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বাংলাদেশের স্বাধীনতা যুদ্ধ – দলিলপত্র – সপ্তম খন্ড – ৩

হাসান হাফিজুর রহমান(ed.)


বাংলাদেশের স্বাধীনতা যুদ্ধ – দলিলপত্র – সপ্তম খন্ড – পাকিস্তানী দলিলপত্র
১৯৭১ এবং ১৯৭২ সালে পাকিস্তানী সরকারী এবং বেসরকারী দলিলপত্র (প্রেসনোট, অর্ডিন্যান্স, পত্রিকার রিপোর্ট ইত্যাদি)…

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Opinion of the Law Commission on the technical aspects of the International Crimes (Tribunals) Act, 1973 (Act No. XIX of 1973)

The Law Commission, Bangladesh


While reviewing the ’73 Act, The Law Commission’s central focus was on the individual responsibility in the commission of the crimes and holding of the trial by an independent, impartial and comprehensive tribunal on the basis of internationally accepted rules of procedure and evidence. The Law Commission, in this proposed recommendation made suggestions for provisions for the registry of the tribunal.…

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ICSF Comment on Observations of US Ambassador-at-Large for War Crimes Issues Mr. Stephen Rapp Regarding the International Crimes Tribunal of Bangladesh

International Crimes Strategy Forum(ICSF)


United States Ambassador-at-Large for War Crimes Issues Mr. Stephen Rapp first arrived in Bangladesh on 10 January 2011 at the invitation of the Government of the People’s Republic of Bangladesh (hereinafter Bangladesh Government). During that particular visit, Mr. Rapp stated, “The US government will help Bangladesh hold an open and transparent war crimes trial with the rights of defence for the accused.” Mr. Rapp also reiterated his desire to “send a memorandum to the law minister suggesting ideas that may meet some of the issues that have been raised by … organisations like the International Bar Association that may help assure that justice is done and seem to be done in the process here.” Subsequently on 21 March 2011, Mr. Rapp issued a letter (see Annex) to Dr. Dipu Moni, the Hon’ble Minister of Foreign Affairs and Barrister Shafique Ahmed, the Hon’ble Minister of Law and Parliamentary Affairs of the Bangladesh Government where he offered suggestions regarding the nature of the International Crimes Tribunal (ICT) operating currently in Bangladesh and its governing statute, namely the International Crimes (Tribunals) Act 1973. Mr. Rapp visited Bangladesh again in the first week of May 2011 and held meetings with senior government officials, ICT officials, political leaders, civil society, the media, and defence lawyers to discuss his suggestions. He also visited the office of the Daily Prothom Alo to exchange views on the war crimes trials with members of the civil society and freedom-fighters of the Liberation War of 1971. the objectives of this policy paper are:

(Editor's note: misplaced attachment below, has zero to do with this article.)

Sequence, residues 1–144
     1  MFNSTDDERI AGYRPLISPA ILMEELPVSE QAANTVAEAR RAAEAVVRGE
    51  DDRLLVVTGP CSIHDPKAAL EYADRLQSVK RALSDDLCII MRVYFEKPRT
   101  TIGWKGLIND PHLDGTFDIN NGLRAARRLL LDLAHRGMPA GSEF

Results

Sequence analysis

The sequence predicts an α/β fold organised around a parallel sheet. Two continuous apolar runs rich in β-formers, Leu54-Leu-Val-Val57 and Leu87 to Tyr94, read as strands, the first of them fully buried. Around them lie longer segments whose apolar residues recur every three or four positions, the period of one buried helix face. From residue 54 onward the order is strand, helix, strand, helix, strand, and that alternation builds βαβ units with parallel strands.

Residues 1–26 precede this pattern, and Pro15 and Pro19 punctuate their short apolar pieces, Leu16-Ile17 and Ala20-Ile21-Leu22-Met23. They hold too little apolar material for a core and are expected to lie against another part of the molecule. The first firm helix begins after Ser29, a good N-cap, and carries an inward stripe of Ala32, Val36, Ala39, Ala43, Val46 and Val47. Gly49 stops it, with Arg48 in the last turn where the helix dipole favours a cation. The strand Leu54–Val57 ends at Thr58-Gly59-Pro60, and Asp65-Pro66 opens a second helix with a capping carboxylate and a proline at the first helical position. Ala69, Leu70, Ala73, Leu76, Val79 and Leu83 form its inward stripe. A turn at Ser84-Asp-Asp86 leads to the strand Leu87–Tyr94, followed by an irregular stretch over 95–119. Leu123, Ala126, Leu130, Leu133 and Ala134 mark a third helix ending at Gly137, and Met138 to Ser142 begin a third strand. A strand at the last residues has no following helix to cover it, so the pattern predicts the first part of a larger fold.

• to evaluate Ambassador Rapp’s suggestions on ICT and ICTA;
• to assess the conceptual validity of his legal analysis and the positions adopted by his office;
• to assess the viability of some of his suggestions regarding amendment of procedural and substantive laws applicable to the ICT; and
• to present the doctrinal and conceptual positions that correctly applies to the ICT on the issues raised for the benefit of the public, government, media, and other interested parties.…

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Archive I: Media Archive

Archives news reports, opinions, editorials published in different media outlets from around the world on 1971, International Crimes Tribunal and the justice process.

Archive II: ICT Documentation

For the sake of ICT’s legacy this documentation project archives, and preserves proceeding-documents, e.g., judgments, orders, petitions, timelines.

Archive III: E-Library

Brings at fingertips academic materials in the areas of law, politics, and history to facilitate serious research on 1971, Bangladesh, ICT and international justice.

Archive IV: Memories

This archive records from memory the nine-month history of 1971 as experienced and perceived by individuals from all walks of life.